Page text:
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Watchmen (HBO, Episode 1) - Review

Watchmen

Review by Rob Carnevale

IndieLondon Rating: 4 out of 5

IT’S ironic that in a week that so much has been written about auteur filmmakers lambasting superhero films for having little to say (or being “theme parks”) that Damon Lindelof’s Watchmen should make its global TV debut to such provocative effect.

Not that Watchmen belongs to the Marvel universe that seems to be the target for much of the criticism, or that it even shares much in common with the likes of DC’s Batman (despite being from the same brand).

Rather, it takes its cues from the acclaimed 1986 comic book creations from Alan Moore and Dave Gibbons, which served as a commentary on the Cold War and its aftermath, while unfolding in an alternative America where the US had won the Vietnam War (thereby installing it as its 51st State), Nixon was never impeached and Robert Redford was now President.

But given the sweeping nature of the comments from filmmakers such as Martin Scorsese, Francis Ford Coppola and Ken Loach, one would assume they are using a one rule hits all form of criticism. Which makes Watchmen‘s impact all the more salient.

Judged on its opening episode, therefore, Watchmen would appear to offer up a damning commentary on American racial tensions at a time when Trump America seems to be exposing them more acutely than ever before in recent history.

It also confronts the global rise of Fascism and the challenges of policing such volatile attitudes.

Admittedly, for those without a cursory knowledge of the original Watchmen comics (as opposed to Zack Snyder’s film, which is ignored), a lot of what references the comics may fly over their heads. But taken as an allegory on modern issues, Watchmen seems highly relevant and very potent.

For starters, the episode opens in 1921 in Tulsa, during the attack on ‘Black Wall Street’ by the Ku Klux Klan – a real life event that left 800 injured and more than 100 dead.

The scene focuses on a young black boy, who is orphaned, and a baby girl, before cutting to 2019 and a US in which police are forced to wear masks to protect their identities, and a threat is re-emerging from a white supremacist group known as the Seventh Cavalry, whose own masks are designed in homage to original Watchmen protagonist Rorschach.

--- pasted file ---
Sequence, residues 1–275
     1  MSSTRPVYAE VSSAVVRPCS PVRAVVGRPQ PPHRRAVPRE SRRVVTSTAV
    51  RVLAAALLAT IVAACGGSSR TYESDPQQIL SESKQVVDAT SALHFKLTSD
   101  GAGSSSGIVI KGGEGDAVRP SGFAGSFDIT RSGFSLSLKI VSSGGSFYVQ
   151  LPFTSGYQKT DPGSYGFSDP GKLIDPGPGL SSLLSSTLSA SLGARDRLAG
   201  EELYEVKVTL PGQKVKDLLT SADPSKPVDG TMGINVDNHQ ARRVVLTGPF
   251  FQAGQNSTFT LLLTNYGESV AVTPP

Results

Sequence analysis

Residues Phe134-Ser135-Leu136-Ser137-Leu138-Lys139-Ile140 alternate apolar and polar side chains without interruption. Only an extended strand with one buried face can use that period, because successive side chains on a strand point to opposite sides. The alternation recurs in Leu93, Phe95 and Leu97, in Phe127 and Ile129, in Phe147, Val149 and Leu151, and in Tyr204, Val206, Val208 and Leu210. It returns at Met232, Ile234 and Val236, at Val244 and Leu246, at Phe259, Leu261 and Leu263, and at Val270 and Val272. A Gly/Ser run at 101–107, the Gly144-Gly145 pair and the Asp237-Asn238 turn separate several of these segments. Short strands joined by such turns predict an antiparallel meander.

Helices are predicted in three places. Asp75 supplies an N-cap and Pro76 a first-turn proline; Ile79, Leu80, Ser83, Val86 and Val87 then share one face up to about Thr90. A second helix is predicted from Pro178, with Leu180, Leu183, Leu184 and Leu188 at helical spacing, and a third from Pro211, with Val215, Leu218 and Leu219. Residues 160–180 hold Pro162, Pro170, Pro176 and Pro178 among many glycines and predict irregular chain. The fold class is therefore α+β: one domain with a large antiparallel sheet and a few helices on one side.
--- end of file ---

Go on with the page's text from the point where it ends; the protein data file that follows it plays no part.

In these opening exchanges, a black police officer is shot by a white Supremacist, prompting police chief Judd Crawford (Don Johnson) to instigate a bloody retribution designed to send a message that such attitudes towards the police will not be tolerated.

Supporting him is friend and former colleague Angela Abar (Regina King), a bakery owner by day, who also goes by the alter-ego of hooded avenger Sister Night. Both are survivors of an attack on the police that killed many other friends.

By the episode’s end, however, Judd has also been murdered and left hanging from a tree, an act that will presumably provide the catalyst for the war between the police and the supremacists that will follow.

As an aside, however, there is the wider universe to consider, most notably former Watchman Veidt, who is seen in a newspaper article mid-episode as having been officially declared dead, only to then later be revealed living in England in a castle, alive and well (as portrayed by Jeremy Irons).

And then there’s the references to Ozymandias and the giant squid-like creature he summoned at the end of the comics, which are referenced by the rainstorm of tiny squid that occurs mid-episode.

Hence, while original Watchman heroes Ozymandias, Nite Owl, The Comedian, Dr Manhattan, Silk Spectre and Rorschach are not likely to feature prominently in the series as flesh and blood characters, the after-effects of their intervention remains alive and well.

Lindelof’s screenplay – which was formed from a writers’ room involving 12 other collaborators – therefore provides plenty of clues and links to Watchmen folklore, while also creating its own story that newcomers can enjoy.

And in this first episode, the escalating tensions between the police and the white supremacists provide a strong, provocative focal point, unfolding like a thriller in which the stakes are already really high and the clock is ticking to prevent all-out carnage. Neither side, it would appear, is interested in taking prisoners. And no one is safe.

It creates a tense backdrop that works outside of the comic book backdrop, lending it real-world immediacy.

And it’s driven by great performances, not least from Johnson and King as they seek to navigate the difficult politics of managing such a volatile [and deeply personal] situation.

For those who are watching from a fanboy perspective, however, there is also a lot to admire. Johnson’s story arc, for instance, mirrors that of The Comedian from the comics, right down to his fate providing the catalyst for the story, and the central mystery of who killed him that will surely now underpin it.

But Irons distant presence as Veidt is also intriguing (if only to see how it will eventually factor in), as is the television appearance of Dr Manhattan on Mars (seemingly destroying a sand version of the castle that Veidt now resides in).

The subversive use of the Rorschach masks is also interesting, given what Rorschach represented in the original comics, as is King’s positioning as either the new Nite Owl or Silk Spectre (or both).

In one brilliantly staged episode, Lindelof has created something terrifically entertaining but mightily thought-provoking… a melting pot of social commentary, thriller and fantasy that serves to show just how effective a medium for offering both enjoyment and debate the comic book genre can – and regularly does – provide.

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